Las Vegas has invested billions into sports. The question is, will it pay off?

Once known mainly for gambling and debauchery, Las Vegas has gained professional sports teams with the National Football League, the National Hockey League, Women’s National Basketball Association and the United Soccer League in under a decade.

And a Major League Baseball team is on the way.

But that’s not all. The broad developments in Sin City also include premier experiences such as a multibillion-dollar Formula 1 race, a $2.3 billion entertainment venue called the Sphere and the upcoming Super Bowl 58 on Sunday.

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“We’re not really concerned about our supply of fun being more than the United States or the world can handle,” said Las Vegas Convention and Visitors Authority CEO Steve Hill in August 2023, ahead of the city’s inaugural F1 race. “We’re going to keep adding to that, and we’re confident that people around the globe are going to continue to come,” he added. 

Allegiant Stadium, where the Super Bowl will be played, has spurred change. The $2 billion venue was built for the NFL’s Las Vegas Raiders and opened in 2020. It holds a capacity of 65,000 people. This has allowed the city to host events of major magnitude, such as sold-out Beyoncé and Taylor Swift concerts in 2023, and now, the biggest U.S. sporting event of the year. 

“It’s not just that the NFL’s here, which is fantastic and a recognition of the maturity of Las Vegas,” said Hill. “We’re having 50 events a year at Allegiant Stadium, and they’re all huge.”

Allegiant Stadium brought 1.52 million incremental visitors to the area, according to the 2023 impact report by the Las Vegas Raiders, with 88% of those visitors saying it was “the primary reason for their visit.”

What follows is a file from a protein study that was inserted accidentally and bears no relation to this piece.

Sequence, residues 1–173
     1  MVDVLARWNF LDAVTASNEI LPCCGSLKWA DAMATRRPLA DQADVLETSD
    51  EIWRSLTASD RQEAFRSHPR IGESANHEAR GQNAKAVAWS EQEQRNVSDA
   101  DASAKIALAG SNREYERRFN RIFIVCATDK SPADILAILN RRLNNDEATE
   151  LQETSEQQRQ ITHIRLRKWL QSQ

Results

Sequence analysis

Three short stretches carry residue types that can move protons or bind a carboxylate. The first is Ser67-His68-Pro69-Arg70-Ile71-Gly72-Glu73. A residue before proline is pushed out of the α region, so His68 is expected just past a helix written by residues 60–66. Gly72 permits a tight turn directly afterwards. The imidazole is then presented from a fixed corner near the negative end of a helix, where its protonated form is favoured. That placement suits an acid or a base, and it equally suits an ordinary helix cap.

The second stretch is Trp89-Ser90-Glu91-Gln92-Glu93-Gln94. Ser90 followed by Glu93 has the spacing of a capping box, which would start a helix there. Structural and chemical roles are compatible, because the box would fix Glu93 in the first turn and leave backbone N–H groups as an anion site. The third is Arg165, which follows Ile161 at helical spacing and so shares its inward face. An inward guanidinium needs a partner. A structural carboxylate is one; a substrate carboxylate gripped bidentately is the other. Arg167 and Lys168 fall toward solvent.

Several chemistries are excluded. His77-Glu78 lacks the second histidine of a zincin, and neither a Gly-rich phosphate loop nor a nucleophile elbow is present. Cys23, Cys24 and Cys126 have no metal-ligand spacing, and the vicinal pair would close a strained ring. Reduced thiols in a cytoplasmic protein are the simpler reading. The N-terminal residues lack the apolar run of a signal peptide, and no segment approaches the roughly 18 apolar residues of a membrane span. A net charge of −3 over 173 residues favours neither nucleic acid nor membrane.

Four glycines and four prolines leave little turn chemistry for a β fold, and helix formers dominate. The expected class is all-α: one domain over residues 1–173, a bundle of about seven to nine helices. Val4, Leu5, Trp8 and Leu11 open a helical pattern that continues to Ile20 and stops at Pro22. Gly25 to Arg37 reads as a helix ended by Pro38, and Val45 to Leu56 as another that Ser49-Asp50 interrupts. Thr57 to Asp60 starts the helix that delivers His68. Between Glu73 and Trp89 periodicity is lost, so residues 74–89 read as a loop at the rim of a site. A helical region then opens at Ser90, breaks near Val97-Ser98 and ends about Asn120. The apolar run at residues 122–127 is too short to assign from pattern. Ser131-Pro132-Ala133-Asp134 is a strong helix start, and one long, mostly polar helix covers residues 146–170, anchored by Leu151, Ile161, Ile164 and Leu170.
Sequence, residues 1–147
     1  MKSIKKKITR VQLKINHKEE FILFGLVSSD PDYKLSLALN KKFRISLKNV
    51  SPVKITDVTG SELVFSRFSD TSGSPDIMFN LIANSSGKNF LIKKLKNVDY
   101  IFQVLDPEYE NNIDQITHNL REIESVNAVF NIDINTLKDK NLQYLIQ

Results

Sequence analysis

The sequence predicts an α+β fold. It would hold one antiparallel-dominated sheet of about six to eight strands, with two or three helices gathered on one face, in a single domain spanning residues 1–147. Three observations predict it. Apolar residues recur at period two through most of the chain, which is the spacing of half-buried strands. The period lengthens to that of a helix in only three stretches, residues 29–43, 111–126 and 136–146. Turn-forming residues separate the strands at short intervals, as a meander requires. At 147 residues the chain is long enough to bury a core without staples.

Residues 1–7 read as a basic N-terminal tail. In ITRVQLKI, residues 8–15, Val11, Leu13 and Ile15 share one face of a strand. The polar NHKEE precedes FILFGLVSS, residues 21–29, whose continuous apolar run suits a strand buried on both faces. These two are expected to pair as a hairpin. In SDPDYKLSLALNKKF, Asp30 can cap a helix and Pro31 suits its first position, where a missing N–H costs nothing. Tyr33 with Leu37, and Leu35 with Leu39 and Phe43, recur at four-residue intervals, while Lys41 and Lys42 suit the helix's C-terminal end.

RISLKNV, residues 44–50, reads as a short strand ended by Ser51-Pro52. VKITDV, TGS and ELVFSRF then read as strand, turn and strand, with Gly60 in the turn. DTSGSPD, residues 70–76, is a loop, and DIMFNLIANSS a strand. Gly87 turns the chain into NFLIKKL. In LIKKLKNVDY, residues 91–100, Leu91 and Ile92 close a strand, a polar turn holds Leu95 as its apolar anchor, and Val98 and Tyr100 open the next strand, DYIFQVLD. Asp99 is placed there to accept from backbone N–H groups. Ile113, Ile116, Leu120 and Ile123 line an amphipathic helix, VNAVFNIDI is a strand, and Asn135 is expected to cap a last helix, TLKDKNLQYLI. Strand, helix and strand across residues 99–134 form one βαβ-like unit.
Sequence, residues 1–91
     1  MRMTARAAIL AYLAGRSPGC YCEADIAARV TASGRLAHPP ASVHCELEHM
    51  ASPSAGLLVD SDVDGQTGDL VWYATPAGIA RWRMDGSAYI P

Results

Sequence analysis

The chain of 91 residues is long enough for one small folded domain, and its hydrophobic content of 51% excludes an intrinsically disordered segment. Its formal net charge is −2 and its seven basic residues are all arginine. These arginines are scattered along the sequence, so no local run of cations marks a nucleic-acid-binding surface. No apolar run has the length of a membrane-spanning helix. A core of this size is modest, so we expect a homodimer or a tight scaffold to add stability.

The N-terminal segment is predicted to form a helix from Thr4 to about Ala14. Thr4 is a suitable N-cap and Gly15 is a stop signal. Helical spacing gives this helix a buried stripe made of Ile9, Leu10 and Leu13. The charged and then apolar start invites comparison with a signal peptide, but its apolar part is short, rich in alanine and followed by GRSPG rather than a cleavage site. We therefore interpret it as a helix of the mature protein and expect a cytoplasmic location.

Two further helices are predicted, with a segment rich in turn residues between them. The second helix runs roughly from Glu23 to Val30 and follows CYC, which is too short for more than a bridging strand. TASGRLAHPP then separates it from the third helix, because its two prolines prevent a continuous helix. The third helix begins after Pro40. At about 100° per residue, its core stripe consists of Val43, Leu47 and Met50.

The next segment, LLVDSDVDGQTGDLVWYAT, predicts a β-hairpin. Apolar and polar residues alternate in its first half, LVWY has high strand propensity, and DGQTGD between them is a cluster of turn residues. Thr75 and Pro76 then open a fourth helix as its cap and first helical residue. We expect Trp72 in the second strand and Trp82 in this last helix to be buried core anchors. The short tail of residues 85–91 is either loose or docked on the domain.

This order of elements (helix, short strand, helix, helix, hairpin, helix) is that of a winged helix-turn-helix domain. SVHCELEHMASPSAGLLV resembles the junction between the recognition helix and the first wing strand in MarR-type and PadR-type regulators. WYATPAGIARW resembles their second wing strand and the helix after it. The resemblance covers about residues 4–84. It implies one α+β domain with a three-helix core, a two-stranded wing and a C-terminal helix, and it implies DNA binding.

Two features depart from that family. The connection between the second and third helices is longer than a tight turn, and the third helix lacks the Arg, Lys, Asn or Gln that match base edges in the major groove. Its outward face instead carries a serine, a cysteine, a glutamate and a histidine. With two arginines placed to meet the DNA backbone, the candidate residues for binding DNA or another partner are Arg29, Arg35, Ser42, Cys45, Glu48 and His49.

The report says the stadium’s total economic impact exceeds $2.29 billion. 

In 2023, 40.8 million visitors flocked to Las Vegas, up 5.2% from the prior year, though still not as high as pre-pandemic levels. 

Tourists weren’t the only people taking note. Thousands of businesses, job seekers and homebuyers have relocated to the region because of its unique opportunities.  

“Las Vegas has overcome its Sin City attitude or behavior pattern, or at least the belief system that it is, and it has moved more toward a very safe, desirable city to live in with reasonable costs,” said Eric Fernwood, the co-founder of Fernwood Real Estate Investment Group.

Still, experts say some challenges lay ahead for this desert city if it wants to continue growing, such as climate change, water scarcity and more funding for social programs including child care.

Watch this video to learn more.


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